Standard MMFs
Standard MMFs reflect the existing ESMA Money Market Fund definition, including a maximum WAM of six months and maximum WAL of one year.

MMFs may be structured as Public Debt Constant NAV (“CNAV”) MMFs, Low Volatility NAV (“LVNAV”) MMFs or as Variable NAV (“VNAV”) MMFs:

  • Public Debt CNAV MMFs must invest 99.5% of their assets into government debt instruments, reverse repos collateralised with government debt, and cash, and are permitted to maintain a constant dealing NAV.
  • LVNAV MMFs are permitted to maintain a constant dealing NAV provided that certain criteria are met, including that the market NAV of the fund does not deviate from the dealing NAV by more than 20 basis points.
  • VNAV MMFs price their assets using market pricing and therefore offer a fluctuating dealing NAV.


According to recent global survey results from trading and investment risk management platform ICD, there has been “minimal impact on MMF investment post US and EU money fund reform,” with 88% of investors planning on increasing or maintaining their current level of investment in MMFs. In fact, zero European respondents to the survey indicated a decrease in USD and GBP MMF investments due to European MMF reform, and only 2% said they would decrease EUR MMF investments.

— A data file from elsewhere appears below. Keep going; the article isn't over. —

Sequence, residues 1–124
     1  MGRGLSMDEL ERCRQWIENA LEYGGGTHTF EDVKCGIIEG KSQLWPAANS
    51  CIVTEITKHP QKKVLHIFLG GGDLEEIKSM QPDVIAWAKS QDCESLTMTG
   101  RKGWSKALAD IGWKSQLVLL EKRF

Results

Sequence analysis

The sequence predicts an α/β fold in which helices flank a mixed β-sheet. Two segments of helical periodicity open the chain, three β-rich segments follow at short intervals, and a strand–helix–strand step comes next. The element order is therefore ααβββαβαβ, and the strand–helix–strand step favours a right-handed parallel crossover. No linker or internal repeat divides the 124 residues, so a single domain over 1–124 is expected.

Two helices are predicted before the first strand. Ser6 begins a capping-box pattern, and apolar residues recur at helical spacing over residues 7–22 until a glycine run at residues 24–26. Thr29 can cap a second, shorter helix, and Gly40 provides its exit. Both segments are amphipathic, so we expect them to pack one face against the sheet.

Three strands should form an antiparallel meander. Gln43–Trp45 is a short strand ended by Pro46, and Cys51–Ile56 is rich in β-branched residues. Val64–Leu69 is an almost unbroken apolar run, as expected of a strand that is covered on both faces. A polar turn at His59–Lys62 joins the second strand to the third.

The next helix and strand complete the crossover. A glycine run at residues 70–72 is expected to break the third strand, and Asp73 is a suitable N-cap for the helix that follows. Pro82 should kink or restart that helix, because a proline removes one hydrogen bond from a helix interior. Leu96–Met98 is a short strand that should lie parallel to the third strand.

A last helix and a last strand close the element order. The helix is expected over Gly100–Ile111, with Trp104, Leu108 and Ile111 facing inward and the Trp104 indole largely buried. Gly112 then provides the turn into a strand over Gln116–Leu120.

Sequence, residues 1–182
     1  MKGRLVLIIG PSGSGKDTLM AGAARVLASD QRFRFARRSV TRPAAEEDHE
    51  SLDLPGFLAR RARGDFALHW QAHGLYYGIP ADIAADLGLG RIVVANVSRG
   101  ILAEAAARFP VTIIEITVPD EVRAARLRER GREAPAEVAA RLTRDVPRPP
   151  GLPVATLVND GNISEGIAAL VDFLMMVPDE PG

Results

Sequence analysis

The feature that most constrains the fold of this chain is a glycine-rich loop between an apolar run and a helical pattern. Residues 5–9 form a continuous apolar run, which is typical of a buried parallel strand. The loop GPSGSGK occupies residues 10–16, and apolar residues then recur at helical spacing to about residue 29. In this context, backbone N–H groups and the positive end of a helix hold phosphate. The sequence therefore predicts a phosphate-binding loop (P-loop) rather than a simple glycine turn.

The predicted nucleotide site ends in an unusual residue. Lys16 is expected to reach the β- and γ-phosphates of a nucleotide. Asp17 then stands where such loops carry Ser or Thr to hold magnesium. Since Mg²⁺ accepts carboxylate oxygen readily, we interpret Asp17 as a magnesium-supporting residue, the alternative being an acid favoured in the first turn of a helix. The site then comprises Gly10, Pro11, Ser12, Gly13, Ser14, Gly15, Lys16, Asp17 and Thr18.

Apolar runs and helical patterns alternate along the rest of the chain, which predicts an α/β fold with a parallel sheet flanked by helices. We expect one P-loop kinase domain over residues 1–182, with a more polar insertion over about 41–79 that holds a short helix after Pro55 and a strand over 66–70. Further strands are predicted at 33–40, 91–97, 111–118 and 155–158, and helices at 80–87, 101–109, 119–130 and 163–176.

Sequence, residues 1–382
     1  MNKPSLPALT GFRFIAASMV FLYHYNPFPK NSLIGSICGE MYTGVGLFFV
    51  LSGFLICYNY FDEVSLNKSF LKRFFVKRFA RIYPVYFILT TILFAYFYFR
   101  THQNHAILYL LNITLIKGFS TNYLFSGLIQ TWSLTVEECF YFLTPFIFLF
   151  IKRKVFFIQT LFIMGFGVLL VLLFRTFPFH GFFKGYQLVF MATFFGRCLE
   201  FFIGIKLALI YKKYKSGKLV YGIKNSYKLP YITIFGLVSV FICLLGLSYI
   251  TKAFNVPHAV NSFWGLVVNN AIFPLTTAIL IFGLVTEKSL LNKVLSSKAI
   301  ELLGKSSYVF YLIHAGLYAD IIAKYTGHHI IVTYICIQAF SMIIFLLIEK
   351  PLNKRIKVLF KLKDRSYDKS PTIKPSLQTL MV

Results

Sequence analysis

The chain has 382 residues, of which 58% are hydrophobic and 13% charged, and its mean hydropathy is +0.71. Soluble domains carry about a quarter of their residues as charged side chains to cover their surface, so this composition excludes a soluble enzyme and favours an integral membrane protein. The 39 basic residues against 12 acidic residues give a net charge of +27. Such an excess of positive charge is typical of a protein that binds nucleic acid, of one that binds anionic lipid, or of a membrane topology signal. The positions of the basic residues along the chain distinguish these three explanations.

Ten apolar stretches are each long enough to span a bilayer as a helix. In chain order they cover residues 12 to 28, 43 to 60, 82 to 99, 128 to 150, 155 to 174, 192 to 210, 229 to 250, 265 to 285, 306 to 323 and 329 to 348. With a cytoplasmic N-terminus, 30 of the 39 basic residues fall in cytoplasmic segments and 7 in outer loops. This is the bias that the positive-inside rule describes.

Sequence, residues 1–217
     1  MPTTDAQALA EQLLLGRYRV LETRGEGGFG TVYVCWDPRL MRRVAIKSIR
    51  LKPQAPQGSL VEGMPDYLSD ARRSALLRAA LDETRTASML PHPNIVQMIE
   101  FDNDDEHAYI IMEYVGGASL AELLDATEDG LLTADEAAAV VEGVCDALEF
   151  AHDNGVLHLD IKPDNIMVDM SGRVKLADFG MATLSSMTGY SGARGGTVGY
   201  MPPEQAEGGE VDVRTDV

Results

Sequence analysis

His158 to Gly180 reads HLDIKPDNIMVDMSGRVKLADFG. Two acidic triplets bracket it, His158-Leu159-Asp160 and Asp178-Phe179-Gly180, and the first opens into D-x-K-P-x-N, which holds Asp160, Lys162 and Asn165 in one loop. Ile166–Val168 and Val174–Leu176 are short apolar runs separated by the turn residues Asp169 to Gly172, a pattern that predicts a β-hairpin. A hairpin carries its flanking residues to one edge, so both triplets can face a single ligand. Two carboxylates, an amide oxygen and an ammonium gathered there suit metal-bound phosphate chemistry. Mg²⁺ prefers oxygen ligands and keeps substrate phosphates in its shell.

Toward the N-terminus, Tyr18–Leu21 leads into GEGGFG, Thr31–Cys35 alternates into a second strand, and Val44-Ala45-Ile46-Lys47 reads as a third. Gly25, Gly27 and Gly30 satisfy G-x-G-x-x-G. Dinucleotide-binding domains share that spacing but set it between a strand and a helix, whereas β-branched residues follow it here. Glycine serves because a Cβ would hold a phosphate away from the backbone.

Kathleen Hughes Managing Director, Global Head of the Liquidity Solutions Client Business, Goldman Sachs Asset Management

Kathleen Hughes
Managing Director, Global Head of the Liquidity Solutions Client Business, Goldman Sachs Asset Management

Jim Fuell, Head of Global Liquidity Sales, International, J.P. Morgan Asset Management, agrees that the regulatory changes have gone smoothly: “The transition by corporates into the new MMF environment was fairly straightforward with minimal disruption, particularly for short-term money market funds,” he says. However, he notes that “the somewhat unfortunate last-minute decision by regulators to eliminate the use of a reverse distribution mechanism – used to manage the current negative interest rate environment in the euro space – resulted in short-term investors having a more limited set of options for their euro investments”.